Thursday, July 3, 2014

Interview with a Playwright: TD Mitchell

Next up in our interview series is TD Mitchell. You can catch a reading of her play, Queens for a Year, at this year's festival.

TD Mitchell
Natasha Brown: Thanks for taking the time to talk with me. First question, is your style distinct or does it change depending on the play?

TD Mitchell: I would say there are definitely repeating themes that I find myself returning to as a dramatist, but this doesn’t necessarily mean the styles are the same. A big difference in this play is the integration of Greek myth. That aspect of the play is highly theatrical – I can see puppetry, bright colours, a sort of sensory overload. The style of the primary narrative, however, is structured fairly traditionally. There is also a vast difference in the way I write for TV compared to theatre.

NB: Are there any interesting stories about how this play came into being?

TDM: I had written a play called Beyond the 17th Parallel which required a lot of research and conducting interviews with Vietnam veterans. As a result of this, I met a lot of women who had also served and realized that they needed their own play. Their experiences were different and needed to be represented. As I was writing the play, Maria Lauterbach was murdered.  By this time, I’d heard so much about the predominance of sexual assault and physical violence against women in the military, I felt as though I was the only person who wasn’t shocked by her murder. Everything I had researched and been told by these veterans was horrifically confirmed. 
Maria Lauterbach

NB: That is very saddening. This play is layered with many urgent topics such as the position of women, sexual assault, and homosexuality, in and around military culture. Could you expand some more on how you became involved in writing about the military?

TDM: I never planned to be an expert in that area. This play chose me. As a storyteller it’s my job to listen and observe and bear witness to what is going on. If you were to say to me when I was younger that I would end up writing so much about military culture, I would have said “no way!” We’ve been at war for the majority of my adulthood which is ridiculous. It’s so difficult to wrap my head around it. We, as a country, have such an abstract idea about war and its impact. We walk around as if it’s not happening. This play, for me, was exploring that disconnection.

NB: Yes, and although I feel that the play deals with a victim of sexual assault, it does not necessarily feel like a play about victims. Would you say that I am on the right track or is there something I am missing?

TDM: Yes, definitely! Ideally, I want the audience to feel as conflicted and uncomfortable as I did during the process of discovering these women. I was really torn by this kick-ass feminism “let’s blow shit up” discourse versus just how stupid it is to drop women into this anti-female culture (the military). Everything about the culture is anti-female. The language used in the military is incredibly gendered and sexist.

The question wasn’t about how should we handle our victimhood, it was how do we respond? If we teach women that the ways in which they must respond is with this masculine idea of violence, of course she’s going to take matters into her own hands because the system has let her down. By the end of the play, I want us to feel uncomfortably torn between wanting the women to get revenge and then to realize our horror of that being our primary instinct.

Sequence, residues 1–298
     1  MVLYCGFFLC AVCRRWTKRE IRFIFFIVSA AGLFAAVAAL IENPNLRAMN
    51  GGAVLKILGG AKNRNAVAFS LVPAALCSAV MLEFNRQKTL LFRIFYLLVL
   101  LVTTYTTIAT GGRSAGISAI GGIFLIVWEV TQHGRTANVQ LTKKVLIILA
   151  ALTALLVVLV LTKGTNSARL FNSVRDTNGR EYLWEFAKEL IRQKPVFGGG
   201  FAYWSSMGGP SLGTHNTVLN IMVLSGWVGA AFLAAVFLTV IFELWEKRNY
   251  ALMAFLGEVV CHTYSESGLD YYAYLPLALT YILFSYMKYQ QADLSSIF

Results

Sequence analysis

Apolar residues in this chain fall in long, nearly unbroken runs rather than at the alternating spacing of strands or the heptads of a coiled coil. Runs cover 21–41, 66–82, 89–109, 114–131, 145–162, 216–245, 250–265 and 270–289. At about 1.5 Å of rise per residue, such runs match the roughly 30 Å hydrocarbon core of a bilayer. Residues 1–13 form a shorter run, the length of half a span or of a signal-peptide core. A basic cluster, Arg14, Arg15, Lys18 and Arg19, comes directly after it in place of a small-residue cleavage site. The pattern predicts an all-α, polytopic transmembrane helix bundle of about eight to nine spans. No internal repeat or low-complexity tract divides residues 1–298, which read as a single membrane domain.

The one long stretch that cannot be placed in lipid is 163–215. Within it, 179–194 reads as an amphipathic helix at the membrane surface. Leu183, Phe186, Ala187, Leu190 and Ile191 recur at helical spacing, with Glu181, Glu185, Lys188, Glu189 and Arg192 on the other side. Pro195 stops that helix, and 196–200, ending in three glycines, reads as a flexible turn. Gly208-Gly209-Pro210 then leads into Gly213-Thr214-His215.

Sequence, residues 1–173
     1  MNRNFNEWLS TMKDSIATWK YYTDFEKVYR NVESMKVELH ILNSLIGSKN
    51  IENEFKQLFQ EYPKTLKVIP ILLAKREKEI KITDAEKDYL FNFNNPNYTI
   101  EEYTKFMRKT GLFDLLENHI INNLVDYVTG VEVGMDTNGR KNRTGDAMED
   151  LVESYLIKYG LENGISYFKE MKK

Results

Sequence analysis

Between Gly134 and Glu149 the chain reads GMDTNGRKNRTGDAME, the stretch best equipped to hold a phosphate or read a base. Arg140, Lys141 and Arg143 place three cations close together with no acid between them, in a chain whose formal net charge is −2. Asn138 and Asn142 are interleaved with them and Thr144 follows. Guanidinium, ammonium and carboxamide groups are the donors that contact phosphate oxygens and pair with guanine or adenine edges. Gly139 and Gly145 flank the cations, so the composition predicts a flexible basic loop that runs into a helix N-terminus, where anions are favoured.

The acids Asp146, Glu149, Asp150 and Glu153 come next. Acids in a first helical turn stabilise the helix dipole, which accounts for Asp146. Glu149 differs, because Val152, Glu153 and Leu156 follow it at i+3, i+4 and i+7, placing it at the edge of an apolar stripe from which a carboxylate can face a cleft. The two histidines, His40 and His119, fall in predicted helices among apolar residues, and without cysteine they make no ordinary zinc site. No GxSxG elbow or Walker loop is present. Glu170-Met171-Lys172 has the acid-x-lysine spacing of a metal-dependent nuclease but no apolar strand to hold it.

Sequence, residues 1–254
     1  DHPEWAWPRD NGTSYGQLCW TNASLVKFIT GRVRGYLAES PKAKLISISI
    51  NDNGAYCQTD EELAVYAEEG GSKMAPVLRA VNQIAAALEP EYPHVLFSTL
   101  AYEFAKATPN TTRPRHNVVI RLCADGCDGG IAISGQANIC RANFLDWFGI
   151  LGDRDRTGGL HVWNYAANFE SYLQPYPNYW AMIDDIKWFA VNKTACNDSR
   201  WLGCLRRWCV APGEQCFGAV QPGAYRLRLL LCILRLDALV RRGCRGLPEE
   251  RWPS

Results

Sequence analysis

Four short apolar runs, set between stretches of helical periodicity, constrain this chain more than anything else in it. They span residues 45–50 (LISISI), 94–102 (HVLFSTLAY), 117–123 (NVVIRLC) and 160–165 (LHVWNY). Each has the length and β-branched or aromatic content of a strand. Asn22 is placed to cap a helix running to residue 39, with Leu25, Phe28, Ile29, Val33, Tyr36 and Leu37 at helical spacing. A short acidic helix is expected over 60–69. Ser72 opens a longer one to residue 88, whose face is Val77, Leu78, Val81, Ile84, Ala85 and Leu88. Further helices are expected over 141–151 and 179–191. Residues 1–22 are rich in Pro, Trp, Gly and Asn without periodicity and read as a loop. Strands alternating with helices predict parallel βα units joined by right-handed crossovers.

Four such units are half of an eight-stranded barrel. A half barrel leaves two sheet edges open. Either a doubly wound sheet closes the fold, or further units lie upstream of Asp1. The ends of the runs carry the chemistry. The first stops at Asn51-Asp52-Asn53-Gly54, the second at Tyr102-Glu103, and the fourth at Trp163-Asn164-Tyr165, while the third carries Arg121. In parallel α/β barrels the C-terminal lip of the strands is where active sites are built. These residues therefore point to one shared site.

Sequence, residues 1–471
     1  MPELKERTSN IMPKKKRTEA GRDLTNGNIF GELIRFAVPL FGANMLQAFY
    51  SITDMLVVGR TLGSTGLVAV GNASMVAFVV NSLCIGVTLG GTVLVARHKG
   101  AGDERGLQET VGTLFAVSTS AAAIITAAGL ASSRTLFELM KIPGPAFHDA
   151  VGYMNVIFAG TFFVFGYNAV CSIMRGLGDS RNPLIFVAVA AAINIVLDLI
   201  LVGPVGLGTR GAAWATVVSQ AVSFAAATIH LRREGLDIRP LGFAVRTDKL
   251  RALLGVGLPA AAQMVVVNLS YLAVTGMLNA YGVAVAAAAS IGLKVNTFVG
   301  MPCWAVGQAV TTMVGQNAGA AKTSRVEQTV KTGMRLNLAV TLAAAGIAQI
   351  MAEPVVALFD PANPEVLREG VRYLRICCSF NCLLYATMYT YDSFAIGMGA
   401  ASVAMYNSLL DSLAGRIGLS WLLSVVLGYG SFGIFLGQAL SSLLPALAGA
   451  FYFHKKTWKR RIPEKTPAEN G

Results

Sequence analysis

NB: That’s a very interesting perspective. I love how you interwove the myth of Caenis/Caeneus into the story. I found it to be a really powerful device which illustrated the plot in a fascinating way. Could you tell me more about how that idea developed?

TDM: I wish I knew exactly how that developed. I don’t know exactly. I guess because historically I was looking at women warriors. I didn’t know we had such an extensive history of women warriors in the US, in both WWI and WWII. During the war, they enlisted women but, once it was over, the women’s ranks were disbanded. Women were not given the veteran status for their contributions. I was looking at it from a historic perspective and I was looking at it compared to other cultures. I was not aware of the myth before I wrote the play; I don’t know how I got there. It was one of those happy accidents.

The use of myth in that very physicalized, theatrical way of story-telling allows your audience, safe distance from the subject. So you’re not going into a theatre documentary about rape. Hopefully you’re forced to look at larger themes and questions but from a distance where it does not just hit you on the head. It’s something more gradual. I think that little bit of separation allows us to get more emotionally invested. We can get closer to the subject.

NB: Last question, whose work would you recommend for emerging writers to study?

TDM: You’ve got to pay due attention to Chekhov, Ibsen and Shakespeare – the great storytellers. They’re still very relevant in terms of exploring the human condition, societal relationships, familial relationships etc. There’s still so much value in the greats.

Contemporary writers like Howard Barker. He is brave, frustrating and scary. I’m always watching whatever Caryl Churchill is up to.  I do appreciate writers who continue to play with form and format. Churchill tries different styles.

NB: Thanks, TD!

Queens for a Year is showing on July 19th at 8pm and July 26th at 4pm. Get your tickets here!

The Bay Area Playwrights Festival gives voice to emerging and established playwrights who are pushing boundaries and have the potential to shape the future of American theater and culture. The festival runs from July 18-27. Click here for the calendar and special event details for the whole festival. 

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